To not want to see a Nurse Practitioner.

(149 Posts)
Selks Thu 07-Nov-13 08:27:31

Have just rung the GP for a Drs appointment today after being ill for a fortnight and having a suspected kidney infection. The collective advice of MN and NHS direct said I should see a Dr ASAP.
The only appt offered to me was with a nurse practitioner. I spoke to the duty Dr and that is all they will offer me. No disrespect intended to nurse practitioners but after being misdiagnosed by the nurse practitioner before for an unrelated issue I am not keen to see them again for a condition that if misdiagnosed could potentially end me up in hospital. Dr was unwavering when I voiced my concerns.
AIBU to want to see an actual Dr?

elfycat Thu 07-Nov-13 10:12:41

I'd see the NP as sometimes it's a way to get in the door to see a GP rather than wait. If it's something more serious they usually get a doctor to see you too.

I've had GP tell me I didn't have an ear infection, without looking in my ear, and a throat infection without looking in my throat because I didn't put on a rasping fake voice. When I insisted the doctor actually look down my throat (at the streaks of grey yukkiness) she wanted to cancel my holiday 2 days time as I shouldn't be flying or doing anything but taking it easy. I was not to scuba dive for a month, and it was a 10 day diving holiday to the Red Sea I ignored her. I only wanted to take the antibiotics with me just in case it got any worse as we were on a boat. The GP made me take the first tablet in front of her, knowing I would take the whole course and not add to the misused AB issue.

NP on the other hand listen and look IME.

VivaLeBeaver Thu 07-Nov-13 10:19:31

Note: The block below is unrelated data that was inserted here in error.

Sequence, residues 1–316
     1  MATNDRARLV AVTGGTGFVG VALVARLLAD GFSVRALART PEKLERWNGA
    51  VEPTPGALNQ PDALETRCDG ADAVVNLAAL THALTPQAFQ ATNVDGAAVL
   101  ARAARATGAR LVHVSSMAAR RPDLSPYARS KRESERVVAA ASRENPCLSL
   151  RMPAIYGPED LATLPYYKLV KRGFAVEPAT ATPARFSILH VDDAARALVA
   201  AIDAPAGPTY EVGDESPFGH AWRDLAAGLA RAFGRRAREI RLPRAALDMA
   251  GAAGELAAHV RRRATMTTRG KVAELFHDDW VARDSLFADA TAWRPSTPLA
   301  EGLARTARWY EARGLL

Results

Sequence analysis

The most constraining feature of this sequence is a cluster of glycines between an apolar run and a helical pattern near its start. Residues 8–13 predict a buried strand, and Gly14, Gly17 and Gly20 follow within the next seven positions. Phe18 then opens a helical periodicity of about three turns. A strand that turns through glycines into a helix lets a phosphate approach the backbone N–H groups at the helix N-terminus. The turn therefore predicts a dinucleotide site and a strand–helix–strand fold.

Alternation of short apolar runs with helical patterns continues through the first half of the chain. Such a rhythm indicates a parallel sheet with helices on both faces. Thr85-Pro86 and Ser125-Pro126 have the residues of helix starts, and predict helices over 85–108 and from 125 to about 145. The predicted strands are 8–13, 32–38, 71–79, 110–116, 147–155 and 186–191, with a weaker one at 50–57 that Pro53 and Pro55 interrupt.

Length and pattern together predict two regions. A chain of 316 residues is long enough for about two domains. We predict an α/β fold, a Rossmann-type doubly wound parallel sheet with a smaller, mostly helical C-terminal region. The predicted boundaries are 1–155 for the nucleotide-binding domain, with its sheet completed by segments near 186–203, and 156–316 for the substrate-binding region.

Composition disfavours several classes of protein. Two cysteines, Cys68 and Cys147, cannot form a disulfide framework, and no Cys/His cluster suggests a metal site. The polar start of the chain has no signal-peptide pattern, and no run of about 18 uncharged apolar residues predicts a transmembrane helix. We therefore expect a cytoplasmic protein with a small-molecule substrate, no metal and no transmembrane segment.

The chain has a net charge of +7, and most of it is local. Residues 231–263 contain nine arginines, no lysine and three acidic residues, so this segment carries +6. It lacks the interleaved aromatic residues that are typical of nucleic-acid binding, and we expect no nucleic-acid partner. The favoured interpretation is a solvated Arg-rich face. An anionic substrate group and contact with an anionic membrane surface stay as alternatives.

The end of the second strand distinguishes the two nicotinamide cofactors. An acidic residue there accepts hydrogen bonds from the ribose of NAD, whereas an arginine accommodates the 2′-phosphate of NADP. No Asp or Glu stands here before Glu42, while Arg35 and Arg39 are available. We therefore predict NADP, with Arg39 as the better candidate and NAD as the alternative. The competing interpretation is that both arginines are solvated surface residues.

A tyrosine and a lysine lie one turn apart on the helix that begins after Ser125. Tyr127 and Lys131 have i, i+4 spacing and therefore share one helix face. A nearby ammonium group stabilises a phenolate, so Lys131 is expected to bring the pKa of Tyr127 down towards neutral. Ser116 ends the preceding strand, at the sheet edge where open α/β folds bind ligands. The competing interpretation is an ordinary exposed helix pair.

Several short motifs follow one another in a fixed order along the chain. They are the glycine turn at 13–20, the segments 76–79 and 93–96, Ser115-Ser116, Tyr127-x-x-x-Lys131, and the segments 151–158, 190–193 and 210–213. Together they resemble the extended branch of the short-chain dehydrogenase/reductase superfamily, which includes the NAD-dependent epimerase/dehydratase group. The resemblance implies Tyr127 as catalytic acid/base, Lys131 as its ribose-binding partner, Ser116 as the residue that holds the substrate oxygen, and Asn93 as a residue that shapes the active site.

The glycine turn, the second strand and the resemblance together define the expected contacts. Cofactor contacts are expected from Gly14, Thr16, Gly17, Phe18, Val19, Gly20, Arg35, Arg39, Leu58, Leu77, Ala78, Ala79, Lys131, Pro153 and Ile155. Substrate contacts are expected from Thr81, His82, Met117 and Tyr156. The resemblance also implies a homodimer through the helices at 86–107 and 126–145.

I saw a NP in a&e once who sent me for an x-ray, diagnosed a fracture and sorted it. She was very good.

AngelicaFirestar Thu 07-Nov-13 10:29:03

I prefer nurse practitioners. They are more willing to be sympathetic and helpful when you are a fraught mother with a child with a chronic ear infection, they are more willing to prescribe or recommend something actually helpful than tell you its just a virus and get on with it only for you to have to go back a few days later to get the kick arse drugs you thought you needed in the first place. The very fact that they can prescribe means to me that they are just as useful front line service as a GP. If the nurse wants a second set of eyes, they can always get a doc in to see you.

Selks Thu 07-Nov-13 17:01:02

Well, I had my appt with the nurse practitioner, and it was a mixed bag really. Good sides were that she listened well and took the time to do a thorough examination, tested a urine sample and was able to diagnose that I do indeed have a kidney infection. She was very pleasant and I was able to discuss a couple of other Heath concerns while I was there which I would not have had the chance to witan the doctor.
The side that perhaps was not so good was that it was very much a question of her going by what the computer said she should do re prescribing - she said she was only able to prescribe three days worth of antibiotics "as that is what the computer says to do". I queried that this seemed a very short course and was it likely to be effective, and she just said "well, that's what it says and just come back if it is not". I wonder whether a GP would have had more flexibility with the actual prescribing.